PoS - Proceedings of Science
Volume 395 - 37th International Cosmic Ray Conference (ICRC2021) - GAD - Gamma Ray Direct
Gamma-Ray Polarization Results of the POLAR Mission and Future Prospects
M. Kole*  on behalf of the POLAR Collaboration  on behalf of the POLAR-2 collaboration
Full text: pdf
Pre-published on: July 08, 2021
Published on: March 18, 2022
Despite over 50 years of Gamma-Ray Burst (GRB) observations many open questions remain about their nature and the environments in which the emission takes place. Polarization measurements of the GRB prompt emission have long been theorized to be able to answer most of these questions. The POLAR detector was a dedicated GRB polarimeter developed by a Swiss, Chinese and Polish collaboration. The instrument was launched, together with the second Chinese Space Lab, the Tiangong-2, in September 2016 after which it took 6 months of scientific data. During this period POLAR detected 55 GRBs as well as several pulsars. From the analysis of the GRB polarization catalog we see that the prompt emission is lowly polarized or fully unpolarized. There is, however, the caveat that within single pulses there are strong hints of an evolving polarization angle which washes out the polarization degree in the time integrated analysis.

The time integrated results of POLAR results appear to rule out models with synchrotron emission from a toroidal magentic field, whereas the low levels of polarization observed are in agreement with the majority of the other existing models. The observations made using time resolved studies could however change this as they indicate that the polarization could be more complex. In order to really probe the theoretical models a significantly more sensitive detector is required.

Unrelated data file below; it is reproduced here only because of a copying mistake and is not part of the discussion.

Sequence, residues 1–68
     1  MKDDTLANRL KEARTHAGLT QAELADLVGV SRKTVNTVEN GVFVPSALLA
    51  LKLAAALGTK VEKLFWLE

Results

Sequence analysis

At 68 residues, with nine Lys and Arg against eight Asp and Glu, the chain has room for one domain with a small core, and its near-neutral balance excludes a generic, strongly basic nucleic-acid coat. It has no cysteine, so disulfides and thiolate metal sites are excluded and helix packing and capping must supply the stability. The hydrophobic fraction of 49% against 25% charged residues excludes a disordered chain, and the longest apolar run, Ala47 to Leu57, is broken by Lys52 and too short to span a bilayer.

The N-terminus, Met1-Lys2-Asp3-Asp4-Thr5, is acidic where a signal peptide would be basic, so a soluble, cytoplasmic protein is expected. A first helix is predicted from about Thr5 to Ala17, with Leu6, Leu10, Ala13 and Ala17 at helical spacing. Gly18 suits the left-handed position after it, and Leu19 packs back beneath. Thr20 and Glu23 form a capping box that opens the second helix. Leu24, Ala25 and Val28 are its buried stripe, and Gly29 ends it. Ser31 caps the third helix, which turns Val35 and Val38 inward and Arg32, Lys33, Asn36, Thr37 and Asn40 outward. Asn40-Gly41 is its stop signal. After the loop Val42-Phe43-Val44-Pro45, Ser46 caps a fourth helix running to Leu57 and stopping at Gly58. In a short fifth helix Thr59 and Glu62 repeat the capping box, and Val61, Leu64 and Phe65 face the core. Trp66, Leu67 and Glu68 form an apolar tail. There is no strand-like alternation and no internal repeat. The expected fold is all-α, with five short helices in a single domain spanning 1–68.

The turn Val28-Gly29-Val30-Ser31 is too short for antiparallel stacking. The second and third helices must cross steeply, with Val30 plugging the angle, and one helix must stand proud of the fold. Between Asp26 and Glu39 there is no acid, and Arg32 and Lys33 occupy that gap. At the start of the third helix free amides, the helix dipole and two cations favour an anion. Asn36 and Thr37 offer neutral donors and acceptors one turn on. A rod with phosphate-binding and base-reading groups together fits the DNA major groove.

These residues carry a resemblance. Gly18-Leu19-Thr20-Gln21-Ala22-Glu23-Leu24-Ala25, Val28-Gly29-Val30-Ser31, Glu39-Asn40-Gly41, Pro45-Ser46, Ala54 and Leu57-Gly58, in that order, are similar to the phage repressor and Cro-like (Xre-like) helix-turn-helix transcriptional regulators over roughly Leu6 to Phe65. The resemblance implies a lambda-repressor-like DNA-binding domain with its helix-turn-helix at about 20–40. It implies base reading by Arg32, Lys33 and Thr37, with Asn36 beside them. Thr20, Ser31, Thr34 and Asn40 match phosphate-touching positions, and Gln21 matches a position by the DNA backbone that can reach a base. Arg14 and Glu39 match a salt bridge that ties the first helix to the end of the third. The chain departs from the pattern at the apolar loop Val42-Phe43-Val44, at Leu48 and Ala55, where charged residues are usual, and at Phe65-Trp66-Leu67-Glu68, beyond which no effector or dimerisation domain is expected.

Building on the success of the POLAR mission, the POLAR-2 instrument is currently under development. POLAR-2 is a Swiss, Chinese, Polish and German collaboration and was approved for launch in 2024. Thanks to its large sensitivity POLAR-2 will produce polarization measurements of at least 50 GRBs per year with a precision equal or higher than the best results published by POLAR. Furthermore, thanks to its large effective area which exceeds $2000\,\mathrm{cm^2}$ at 100 keV, POLAR-2 will be able to observe faint GRBs such as 170817A and will be capable of sending alerts of such transients, including localization information to ground within seconds to minutes. POLAR-2 thereby not only aims to make the prompt polarization a standard observable it will additionally play an important role in multi-messenger observations.
DOI: https://doi.org/10.22323/1.395.0600
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